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stone
May 3, 2020 11:34 AM CST
Ditto on common milkweed.
They have amazing stolons... it could have grown underground from some distance before surfacing in the back of your yard.

MD (Zone 7a)
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SparklesGarden
May 3, 2020 11:52 AM CST
Wow, I'm trying to not get too excited because I would be THRILLED if they were milkweed! There are about four dozen emerging, often -- but not always -- in groupings of about three. (Sometimes just one or two.) I just took more photos to show you a close up of the stem, which has the reddish tint at the bottom, the leaves, and how they are sometimes close together. Are we still leaning towards milkweed?
Thank you everyone for your help!

Thumb of 2020-05-03/SparklesGarden/555595


Thumb of 2020-05-03/SparklesGarden/609733


Thumb of 2020-05-03/SparklesGarden/e37d43

Name: Lynda Horn
Arkansas (Zone 7b)
Eat more tomatoes!
Lover of wildlife (Raccoon badge) Container Gardener Lilies Cat Lover Lover of wildlife (Black bear badge) Zinnias
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gardenfish
May 3, 2020 1:29 PM CST
I'm kind of leaning toward milkweed....
Yesterday is gone. Tomorrow has not yet come. We have only today. Let us begin.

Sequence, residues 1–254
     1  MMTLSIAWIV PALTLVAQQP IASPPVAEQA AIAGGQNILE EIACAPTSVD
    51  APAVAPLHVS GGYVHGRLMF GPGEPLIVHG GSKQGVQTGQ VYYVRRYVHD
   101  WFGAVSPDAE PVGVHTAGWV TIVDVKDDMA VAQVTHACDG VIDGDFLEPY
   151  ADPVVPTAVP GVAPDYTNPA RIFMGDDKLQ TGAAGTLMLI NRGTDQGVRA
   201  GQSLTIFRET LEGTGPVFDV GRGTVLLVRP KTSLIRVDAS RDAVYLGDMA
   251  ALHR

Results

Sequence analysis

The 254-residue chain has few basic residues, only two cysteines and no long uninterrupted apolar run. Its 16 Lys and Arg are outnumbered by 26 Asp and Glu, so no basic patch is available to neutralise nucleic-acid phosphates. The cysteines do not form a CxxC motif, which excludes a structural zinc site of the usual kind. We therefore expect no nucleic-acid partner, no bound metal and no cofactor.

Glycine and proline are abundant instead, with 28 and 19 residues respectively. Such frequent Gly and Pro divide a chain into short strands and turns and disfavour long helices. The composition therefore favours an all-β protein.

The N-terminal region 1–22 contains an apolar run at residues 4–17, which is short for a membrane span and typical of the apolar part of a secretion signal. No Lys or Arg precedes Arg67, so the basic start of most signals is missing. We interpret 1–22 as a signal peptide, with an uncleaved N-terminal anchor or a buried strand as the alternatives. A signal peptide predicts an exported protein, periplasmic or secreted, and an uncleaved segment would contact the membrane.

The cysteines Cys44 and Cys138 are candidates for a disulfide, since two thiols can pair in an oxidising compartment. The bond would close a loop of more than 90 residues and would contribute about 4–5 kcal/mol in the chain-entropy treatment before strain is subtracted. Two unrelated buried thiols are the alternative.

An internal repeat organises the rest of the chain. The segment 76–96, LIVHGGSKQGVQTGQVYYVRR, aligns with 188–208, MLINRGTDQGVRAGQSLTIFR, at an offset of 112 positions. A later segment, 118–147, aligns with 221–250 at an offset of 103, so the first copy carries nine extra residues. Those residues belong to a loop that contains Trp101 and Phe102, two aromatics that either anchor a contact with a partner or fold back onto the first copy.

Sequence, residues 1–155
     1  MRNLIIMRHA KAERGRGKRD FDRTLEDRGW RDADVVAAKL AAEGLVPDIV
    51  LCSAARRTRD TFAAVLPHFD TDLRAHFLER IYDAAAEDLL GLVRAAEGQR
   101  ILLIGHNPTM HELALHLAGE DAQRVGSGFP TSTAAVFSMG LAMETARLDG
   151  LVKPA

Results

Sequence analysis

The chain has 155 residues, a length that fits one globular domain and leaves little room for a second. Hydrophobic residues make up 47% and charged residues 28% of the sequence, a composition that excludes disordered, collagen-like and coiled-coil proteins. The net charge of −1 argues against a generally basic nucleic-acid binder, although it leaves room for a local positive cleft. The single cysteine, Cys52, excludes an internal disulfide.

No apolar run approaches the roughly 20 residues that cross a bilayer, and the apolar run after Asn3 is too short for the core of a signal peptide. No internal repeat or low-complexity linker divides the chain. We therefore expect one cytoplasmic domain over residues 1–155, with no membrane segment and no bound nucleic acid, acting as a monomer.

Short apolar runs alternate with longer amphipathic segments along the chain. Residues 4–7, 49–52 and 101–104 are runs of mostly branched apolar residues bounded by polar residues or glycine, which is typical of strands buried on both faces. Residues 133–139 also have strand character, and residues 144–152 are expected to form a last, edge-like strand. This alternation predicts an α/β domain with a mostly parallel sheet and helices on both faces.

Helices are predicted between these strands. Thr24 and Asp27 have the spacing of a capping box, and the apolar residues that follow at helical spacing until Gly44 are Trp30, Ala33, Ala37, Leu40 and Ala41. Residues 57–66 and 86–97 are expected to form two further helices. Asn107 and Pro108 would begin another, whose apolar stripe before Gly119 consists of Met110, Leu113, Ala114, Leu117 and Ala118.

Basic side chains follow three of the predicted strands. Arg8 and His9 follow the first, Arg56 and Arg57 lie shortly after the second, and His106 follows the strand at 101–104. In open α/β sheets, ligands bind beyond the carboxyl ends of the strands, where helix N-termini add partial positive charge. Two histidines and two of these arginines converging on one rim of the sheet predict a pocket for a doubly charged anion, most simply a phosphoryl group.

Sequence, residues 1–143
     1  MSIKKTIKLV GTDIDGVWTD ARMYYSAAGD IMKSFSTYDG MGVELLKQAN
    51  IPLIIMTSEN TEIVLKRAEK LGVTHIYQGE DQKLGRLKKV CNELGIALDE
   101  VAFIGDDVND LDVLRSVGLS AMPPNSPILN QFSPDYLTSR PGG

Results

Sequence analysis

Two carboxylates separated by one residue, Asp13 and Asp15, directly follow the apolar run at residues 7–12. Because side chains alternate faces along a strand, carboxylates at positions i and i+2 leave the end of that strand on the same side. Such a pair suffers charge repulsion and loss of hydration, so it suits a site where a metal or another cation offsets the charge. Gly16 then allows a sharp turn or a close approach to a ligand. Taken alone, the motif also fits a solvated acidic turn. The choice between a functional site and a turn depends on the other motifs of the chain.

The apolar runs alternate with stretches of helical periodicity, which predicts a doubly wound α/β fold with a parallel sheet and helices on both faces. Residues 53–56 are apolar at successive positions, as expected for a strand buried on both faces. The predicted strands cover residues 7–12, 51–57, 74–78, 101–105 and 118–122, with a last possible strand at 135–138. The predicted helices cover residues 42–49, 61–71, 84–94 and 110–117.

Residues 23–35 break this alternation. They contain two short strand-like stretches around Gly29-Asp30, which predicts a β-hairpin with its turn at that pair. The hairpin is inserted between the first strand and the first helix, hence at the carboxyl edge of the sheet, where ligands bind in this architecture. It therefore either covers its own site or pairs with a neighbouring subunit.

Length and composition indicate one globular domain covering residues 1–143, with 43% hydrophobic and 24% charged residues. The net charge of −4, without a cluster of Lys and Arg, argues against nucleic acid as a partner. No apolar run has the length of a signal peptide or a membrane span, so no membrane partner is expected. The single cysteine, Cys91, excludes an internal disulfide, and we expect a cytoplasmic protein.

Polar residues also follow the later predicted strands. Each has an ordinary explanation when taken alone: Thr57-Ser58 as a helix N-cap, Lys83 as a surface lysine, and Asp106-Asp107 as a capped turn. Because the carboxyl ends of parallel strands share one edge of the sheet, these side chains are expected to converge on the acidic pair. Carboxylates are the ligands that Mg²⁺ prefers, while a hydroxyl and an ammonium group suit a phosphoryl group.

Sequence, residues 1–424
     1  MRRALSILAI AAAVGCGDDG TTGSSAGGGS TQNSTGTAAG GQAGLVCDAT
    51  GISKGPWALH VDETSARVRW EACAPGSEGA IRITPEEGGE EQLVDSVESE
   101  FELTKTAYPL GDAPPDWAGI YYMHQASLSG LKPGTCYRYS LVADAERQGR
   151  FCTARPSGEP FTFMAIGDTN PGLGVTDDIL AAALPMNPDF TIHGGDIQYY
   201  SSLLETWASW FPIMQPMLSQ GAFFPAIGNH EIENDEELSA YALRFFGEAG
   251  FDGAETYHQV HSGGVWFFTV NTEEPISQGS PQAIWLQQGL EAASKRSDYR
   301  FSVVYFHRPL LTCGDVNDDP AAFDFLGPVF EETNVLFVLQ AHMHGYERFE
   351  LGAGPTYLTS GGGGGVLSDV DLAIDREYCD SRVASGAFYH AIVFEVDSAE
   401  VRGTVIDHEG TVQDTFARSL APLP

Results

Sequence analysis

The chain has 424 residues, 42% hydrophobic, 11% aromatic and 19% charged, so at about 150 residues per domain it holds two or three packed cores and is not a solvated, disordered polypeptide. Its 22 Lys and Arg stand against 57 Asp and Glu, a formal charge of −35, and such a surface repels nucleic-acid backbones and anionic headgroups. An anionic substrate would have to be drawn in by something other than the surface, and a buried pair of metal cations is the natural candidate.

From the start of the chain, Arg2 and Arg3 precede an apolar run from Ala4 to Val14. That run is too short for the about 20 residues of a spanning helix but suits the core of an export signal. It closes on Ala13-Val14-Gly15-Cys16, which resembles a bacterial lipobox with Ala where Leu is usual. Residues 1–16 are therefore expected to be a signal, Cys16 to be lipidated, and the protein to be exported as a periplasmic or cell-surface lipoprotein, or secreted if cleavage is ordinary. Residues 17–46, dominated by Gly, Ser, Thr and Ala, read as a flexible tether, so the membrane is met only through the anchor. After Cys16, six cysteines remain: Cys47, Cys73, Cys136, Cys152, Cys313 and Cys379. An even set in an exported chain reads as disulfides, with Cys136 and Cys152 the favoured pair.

Mother Teresa
Name: Daisy I
Reno, Nv (Zone 6b)
Not all who wander are lost
Garden Sages Plant Identifier
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DaisyI
May 3, 2020 2:34 PM CST
Hopefully, this helps.
Thumb of 2020-05-03/DaisyI/f08173

Life is not a journey to the grave with the intention of arriving safely in a pretty and well preserved body, but rather to skid in broadside, thoroughly used up, totally worn out, and proclaiming...."WOW What a Ride!!" -Mark Frost

President: Orchid Society of Northern Nevada
Webmaster: osnnv.org
MD (Zone 7a)
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SparklesGarden
May 3, 2020 2:50 PM CST
Thank you, Daisyl. Your photo is indeed helpful for comparison. Unfortunately the plants in my yard do not have hairy leaves like yours, and the leaves on mine begin further up the stem than yours. Sad
[Last edited by SparklesGarden - May 3, 2020 2:51 PM (+)]
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Name: Daisy I
Reno, Nv (Zone 6b)
Not all who wander are lost
Garden Sages Plant Identifier
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DaisyI
May 3, 2020 3:10 PM CST
There are a lot of different Milkweeds. That one, Showy Milkweed, is one of our two natives.

Here's the other, narrow leaf Milkweed:
Thumb of 2020-05-03/DaisyI/ad4bf8

To try to identify a plant, look at the leaf venation and general leaf shape, stem, how the leaves are attached to the stem and leaf arrangement on the stem, and flowers (but you will have to wait on that one).

Life is not a journey to the grave with the intention of arriving safely in a pretty and well preserved body, but rather to skid in broadside, thoroughly used up, totally worn out, and proclaiming...."WOW What a Ride!!" -Mark Frost

President: Orchid Society of Northern Nevada
Webmaster: osnnv.org
MD (Zone 7a)
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SparklesGarden
May 3, 2020 3:42 PM CST
Thank you, Daisyl! I will remain hopeful that it's a milkweed! I need to learn more about how to recognize plants with which I'm not familiar, especially before they bloom. I have some apps, but they haven't been very helpful.